A 13-year-old Grays Ferry boy spent nearly three days in custody and now faces criminal charges over what adult supporters are calling child's play with a toy gun.
Neither the Philadelphia Police nor the District Attorney's Office will discuss the case because it is playing out in closed proceedings in Family Court. There, eighth grader Zahiem Salahuddin is accused of pointing a $3.50 plastic handgun replica with an orange muzzle tip at a younger boy and pulling the trigger, unleashing a little orange plastic ball that allegedly struck the boy.
Zahiem is charged as a juvenile with simple assault, reckless endangerment, and possession of an instrument of crime.
The teen says the police officers who stopped him near his home that July evening told him the alleged victim had pointed to him as the shooter. But Zahiem, an athlete who fears the charges could hurt his aspirations to play high school football, and his mother, Zakiyyah Salahuddin, 43, contend that he is innocent.
Others question how the case has been handled and whether the boy's race is a factor. Zahiem is black; the alleged victim is white.
"As our system is rigged, we know if he wasn't this color this wouldn't even be in the system," said Charles Reeves Jr., a Southwest Philadelphia community activist.
"Black children are seen as menaces, while white children are seen as children. That, obviously, is extremely racist," said Fran Gilmore, a volunteer with another group, Mothers in Charge.
To hear Zahiem tell it, when officers approached him, he instinctively knew not to reach for the toy gun clipped to his waistband, even when a Philadelphia Police officer asked him how to unclip it.
"I wasn't gonna touch it," Zahiem said in an interview, citing the highly publicized shootings of black males by police officers nationwide.
He said one officer told him: "'You just shot the son of a police officer.'"
A Philadelphia Police Department spokesperson declined to confirm whether the victim was a police officer's son.
Mandy Nace, spokesperson for the Defender Association of Philadelphia, said the boy allegedly was hit once in the stomach with the plastic ball and did not require medical attention.
In Zahiem's version of the incident, he and a few friends with plastic toy guns had interacted with the alleged victim, and one of them may have shot the boy, who he said is 7 or 8 years old. He said he didn't see the alleged shooting.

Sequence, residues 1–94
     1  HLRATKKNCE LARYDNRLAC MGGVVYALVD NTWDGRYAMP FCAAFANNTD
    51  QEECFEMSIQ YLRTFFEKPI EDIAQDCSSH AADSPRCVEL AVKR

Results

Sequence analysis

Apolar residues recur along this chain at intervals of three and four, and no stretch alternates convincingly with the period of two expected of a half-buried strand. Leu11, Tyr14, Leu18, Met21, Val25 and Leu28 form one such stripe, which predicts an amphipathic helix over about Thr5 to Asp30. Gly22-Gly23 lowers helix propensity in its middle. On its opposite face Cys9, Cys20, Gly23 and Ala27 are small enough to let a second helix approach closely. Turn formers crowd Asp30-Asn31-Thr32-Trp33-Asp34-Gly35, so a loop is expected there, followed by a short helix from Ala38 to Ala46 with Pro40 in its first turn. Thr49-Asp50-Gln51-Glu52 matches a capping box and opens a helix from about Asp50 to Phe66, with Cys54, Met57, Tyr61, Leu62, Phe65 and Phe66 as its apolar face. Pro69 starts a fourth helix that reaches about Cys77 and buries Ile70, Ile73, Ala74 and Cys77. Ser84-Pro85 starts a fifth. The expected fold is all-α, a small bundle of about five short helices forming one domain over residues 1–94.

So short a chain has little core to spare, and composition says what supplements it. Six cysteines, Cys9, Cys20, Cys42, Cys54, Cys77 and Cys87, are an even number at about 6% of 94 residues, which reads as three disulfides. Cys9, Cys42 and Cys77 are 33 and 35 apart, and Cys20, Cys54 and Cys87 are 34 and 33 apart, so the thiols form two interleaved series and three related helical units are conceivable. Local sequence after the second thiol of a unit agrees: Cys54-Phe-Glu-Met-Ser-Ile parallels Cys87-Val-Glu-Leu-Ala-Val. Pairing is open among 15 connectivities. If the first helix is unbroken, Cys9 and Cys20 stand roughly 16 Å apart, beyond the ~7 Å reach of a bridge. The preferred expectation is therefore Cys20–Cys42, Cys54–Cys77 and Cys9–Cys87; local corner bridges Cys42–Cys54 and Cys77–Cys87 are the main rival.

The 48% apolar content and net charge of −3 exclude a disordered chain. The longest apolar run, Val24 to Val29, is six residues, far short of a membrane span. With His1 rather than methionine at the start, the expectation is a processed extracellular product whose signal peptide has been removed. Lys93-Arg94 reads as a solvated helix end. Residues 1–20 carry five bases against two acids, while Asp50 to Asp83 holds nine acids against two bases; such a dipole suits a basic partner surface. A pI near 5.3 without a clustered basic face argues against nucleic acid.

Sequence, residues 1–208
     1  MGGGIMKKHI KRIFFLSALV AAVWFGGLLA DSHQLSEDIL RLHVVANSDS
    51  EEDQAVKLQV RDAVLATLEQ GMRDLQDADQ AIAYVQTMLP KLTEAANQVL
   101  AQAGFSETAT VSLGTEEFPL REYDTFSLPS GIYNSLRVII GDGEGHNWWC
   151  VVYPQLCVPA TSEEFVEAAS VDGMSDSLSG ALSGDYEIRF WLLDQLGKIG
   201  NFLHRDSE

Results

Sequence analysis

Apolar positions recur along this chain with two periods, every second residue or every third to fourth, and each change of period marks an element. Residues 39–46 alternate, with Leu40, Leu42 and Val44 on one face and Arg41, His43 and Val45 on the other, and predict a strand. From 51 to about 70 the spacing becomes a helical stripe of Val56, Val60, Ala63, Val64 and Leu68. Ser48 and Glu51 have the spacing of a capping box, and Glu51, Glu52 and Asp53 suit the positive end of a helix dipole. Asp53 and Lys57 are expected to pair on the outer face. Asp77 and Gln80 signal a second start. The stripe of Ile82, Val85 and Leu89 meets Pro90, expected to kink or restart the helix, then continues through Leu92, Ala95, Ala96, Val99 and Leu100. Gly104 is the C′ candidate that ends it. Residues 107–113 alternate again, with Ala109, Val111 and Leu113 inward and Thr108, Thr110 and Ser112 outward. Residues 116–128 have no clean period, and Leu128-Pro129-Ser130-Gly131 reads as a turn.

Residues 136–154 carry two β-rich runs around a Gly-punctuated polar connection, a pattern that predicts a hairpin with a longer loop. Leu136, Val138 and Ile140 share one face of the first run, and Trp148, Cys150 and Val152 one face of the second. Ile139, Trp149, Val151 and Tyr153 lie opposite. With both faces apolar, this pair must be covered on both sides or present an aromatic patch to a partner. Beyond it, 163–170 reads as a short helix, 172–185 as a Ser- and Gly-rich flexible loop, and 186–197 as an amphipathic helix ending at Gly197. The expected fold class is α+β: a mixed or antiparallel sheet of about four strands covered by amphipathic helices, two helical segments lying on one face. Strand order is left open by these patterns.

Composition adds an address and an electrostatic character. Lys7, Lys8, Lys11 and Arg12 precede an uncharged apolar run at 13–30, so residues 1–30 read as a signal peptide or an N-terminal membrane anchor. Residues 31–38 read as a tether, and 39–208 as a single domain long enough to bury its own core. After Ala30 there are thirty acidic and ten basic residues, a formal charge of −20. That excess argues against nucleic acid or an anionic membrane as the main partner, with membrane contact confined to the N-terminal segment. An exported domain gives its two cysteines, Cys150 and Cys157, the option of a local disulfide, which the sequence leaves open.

The police did not buy that story, and placed handcuffs on Zahiem, who had never been arrested, his mother says. He spent the night in a cell inside the First District police station at 24th and Wolf Streets. Police next moved him to the Youth Study Center in West Philadelphia, where he spent two more days before being released into the custody of his mother.
Since then, his mother says, he has been on home detention and is permitted only to go to school and to participate with his neighborhood football team, the South Philadelphia Hurricanes, for which he is the star running back.
Zahiem, an eighth grader at Universal Vare Charter School, hopes to play for Neumann-Goretti High School next school year, but even his coach acknowledges that a cloud now hangs over him.
"This is blown out of proportion," said Joseph Rose, the head coach of the Hurricanes. "Did [the alleged victim] go to the hospital? Was there any bruising, any bleeding? We're here because they were playing with a toy gun that was sold at a corner store. We're trying to make sure he does not get a police record at this young age over kids' play."
Zahiem's mother and other adults say they are concerned that race may be a motivating factor for the Police Department and the District Attorney's Office to criminalize what might otherwise be seen as child's play.
A plea offer from the DA's Office would have required her son to serve six months' probation and would have expunged his record after that. The record would be expunged in five years if he went to trial and was found guilty.
"He's a good football player," Salahuddin, who works as a trolley driver for SEPTA, said in an interview Friday inside the Family Court building. "His next step is Neumann High School. From Neumann, he will receive something, whether it's a full or partial scholarship. I don't want anything to tarnish his record."
Salahuddin was supported by about a dozen people in court last Friday when her son's case was scheduled to be heard. The trial was postponed until November after the DA's Office opposed a request by Zahiem's public defender to open the proceeding to the public and the media. Common Pleas Court Judge Robert J. Rebstock is expected to rule on the public access motion in November. In the interim, he appointed child advocates to look after the interests of Zahiem and his alleged victim.
"This justice system does not want eyes on it. It doesn't want a spotlight or any kind of illumination. They want to do what they're doing alone, in private, in courtrooms," said the Rev. Harrod E. Clay Jr., of Mount Zion Baptist Church in Glassboro, who was among Zahiem's supporters in court.
"How come the police didn't take the young man to his mother, then take the young man and his mother to the other young man's mother and resolve this?" asked Clay, who also runs a crisis prevention and intervention program. "How in the world are we here today?"